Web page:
With the removal of subsidy on petrol in the country, the Nigerian National Petroleum Company Limited (NNPC) is set to discontinue crude oil swap in favour of cash payments for petrol imports.
To this effect, the company is is winding down crude oil swap contracts with traders and will pay cash for petrol imports as private companies could begin importing petrol as soon as this month, News Desk Paper reports.
This means that NNPC is in the process of ending crude swap contracts with traders. Instead of exchanging crude oil for refined petroleum products, the state-oil company will now make cash payments for petrol imports.
The move is part of President Bola Tinubu’s plans to deregulate the petrol market and reduce the burden on government finances, the statement said.
President Bola Tinubu on Monday during his inauguration announced that “subsidy is gone” sending the market into a tailspin as those who had the products quickly shut their pumps and long queues emerged across the nation.
NNPC has been importing petrol from consortiums of foreign and local trading firms and repaying them with crude oil via what is known as Direct Sale Direct Purchase (DSDP) contracts since 2016 because it does not have enough cash to pay for the purchases, the statement said.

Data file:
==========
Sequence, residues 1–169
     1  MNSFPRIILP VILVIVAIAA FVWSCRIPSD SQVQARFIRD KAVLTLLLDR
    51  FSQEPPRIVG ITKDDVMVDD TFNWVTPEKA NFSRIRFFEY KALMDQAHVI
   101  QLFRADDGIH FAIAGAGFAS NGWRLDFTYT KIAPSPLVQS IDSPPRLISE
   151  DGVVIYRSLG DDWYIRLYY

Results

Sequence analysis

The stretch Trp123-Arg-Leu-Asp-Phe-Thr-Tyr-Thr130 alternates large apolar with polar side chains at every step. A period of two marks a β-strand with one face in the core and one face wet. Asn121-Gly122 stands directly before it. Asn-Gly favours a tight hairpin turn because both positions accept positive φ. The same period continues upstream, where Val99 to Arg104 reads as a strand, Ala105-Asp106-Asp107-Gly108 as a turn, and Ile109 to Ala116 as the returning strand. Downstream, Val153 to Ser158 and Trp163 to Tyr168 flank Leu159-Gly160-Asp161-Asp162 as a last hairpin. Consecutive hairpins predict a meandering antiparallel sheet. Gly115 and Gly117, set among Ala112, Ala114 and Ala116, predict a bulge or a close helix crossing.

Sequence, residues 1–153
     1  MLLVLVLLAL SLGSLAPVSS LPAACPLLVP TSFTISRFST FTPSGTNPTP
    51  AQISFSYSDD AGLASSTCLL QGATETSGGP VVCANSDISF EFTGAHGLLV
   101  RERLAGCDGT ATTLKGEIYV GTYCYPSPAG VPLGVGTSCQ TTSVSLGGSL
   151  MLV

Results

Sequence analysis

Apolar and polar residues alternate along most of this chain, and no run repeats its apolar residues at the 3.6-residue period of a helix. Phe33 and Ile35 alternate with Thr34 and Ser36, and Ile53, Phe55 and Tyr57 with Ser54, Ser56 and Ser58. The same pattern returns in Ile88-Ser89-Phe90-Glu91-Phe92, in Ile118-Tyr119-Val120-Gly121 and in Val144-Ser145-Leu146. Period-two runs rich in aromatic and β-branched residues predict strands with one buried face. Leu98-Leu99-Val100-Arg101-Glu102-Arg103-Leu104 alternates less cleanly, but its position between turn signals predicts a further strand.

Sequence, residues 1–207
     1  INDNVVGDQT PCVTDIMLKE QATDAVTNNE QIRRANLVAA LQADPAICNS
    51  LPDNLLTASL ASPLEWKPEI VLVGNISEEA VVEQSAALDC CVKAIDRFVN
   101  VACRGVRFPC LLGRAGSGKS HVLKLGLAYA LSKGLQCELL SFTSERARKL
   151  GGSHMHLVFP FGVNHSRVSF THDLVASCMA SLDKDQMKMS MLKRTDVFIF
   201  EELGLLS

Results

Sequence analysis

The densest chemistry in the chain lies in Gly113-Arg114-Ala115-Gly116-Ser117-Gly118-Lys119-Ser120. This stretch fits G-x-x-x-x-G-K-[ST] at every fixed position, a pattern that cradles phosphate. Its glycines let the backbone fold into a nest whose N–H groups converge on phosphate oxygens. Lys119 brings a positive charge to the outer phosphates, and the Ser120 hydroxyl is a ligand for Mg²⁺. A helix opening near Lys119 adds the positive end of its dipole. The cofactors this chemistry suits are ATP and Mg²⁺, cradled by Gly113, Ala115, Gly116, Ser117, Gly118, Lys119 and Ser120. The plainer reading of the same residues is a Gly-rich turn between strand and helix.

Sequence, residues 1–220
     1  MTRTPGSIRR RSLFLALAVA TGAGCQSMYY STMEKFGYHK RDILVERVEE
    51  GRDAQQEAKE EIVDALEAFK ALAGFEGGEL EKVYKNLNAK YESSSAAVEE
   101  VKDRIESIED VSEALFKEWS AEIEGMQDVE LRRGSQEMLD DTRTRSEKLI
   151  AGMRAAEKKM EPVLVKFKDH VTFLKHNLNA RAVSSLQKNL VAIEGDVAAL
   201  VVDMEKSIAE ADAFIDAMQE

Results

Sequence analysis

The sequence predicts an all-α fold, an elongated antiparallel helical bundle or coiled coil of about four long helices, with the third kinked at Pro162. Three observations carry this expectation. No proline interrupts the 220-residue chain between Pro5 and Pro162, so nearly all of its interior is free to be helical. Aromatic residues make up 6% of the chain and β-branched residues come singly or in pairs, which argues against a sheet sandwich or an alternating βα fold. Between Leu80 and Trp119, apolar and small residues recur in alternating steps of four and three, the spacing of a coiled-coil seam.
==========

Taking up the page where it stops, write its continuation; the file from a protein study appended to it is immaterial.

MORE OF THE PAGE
“In the last four months, we practically terminated all DSDP contracts. And we now have an arm’s-length process where we can pay cash for the imports,” Mele Kyari, group chief executive officer, NNPC told Reuters in an interview late on Saturday.
“This is the first time NNPC has said it is terminating crude swap contracts. By importing less gasoline as private companies import the bulk, NNPC will be able to pay for its purchases in cash.”
Nigeria is Africa’s biggest crude producer but imports most of its refined products after running down its refineries. Nigeria’s petrol import bill hit N5.2 trillion in 2022, the highest in six years, as the quest by the country to wean itself off imported fuel drags.
A significant drop in oil production last year coupled with high global fuel prices due to the war in Ukraine pushed NNPC’s debt to traders higher. It owed the consortiums about $2 billion, a September 2022 NNPC report to the Federation Account Allocation Committee shows, the statement said.
“An industry source with direct knowledge of the matter said NNPC was still allocating crude for fuel swaps for July loading, though less than in previous months. In its report detailing March crude oil loadings, NNPC also allocated crude to the swap contracts held by the consortiums,” Reuters said.
Kyari told Reuters that NNPC’s monopoly on petrol supplies was ending and private firms could start importing as early as this month.
“Nigeria’s total crude and condensate output was at 1.56 million barrels a day (bpd) as of Friday. Nigeria has struggled to meet its Organization of Petroleum Exporting Countries (OPEC) oil quota of 1.742 million bpd due to grand oil theft and illegal refining,” Kyari said.
That has raised doubts on whether Nigeria can meet supplies for the 650,000-bpd newly commissioned Dangote Refinery. NNPC has a contract to supply 300,000 bpd to the refinery.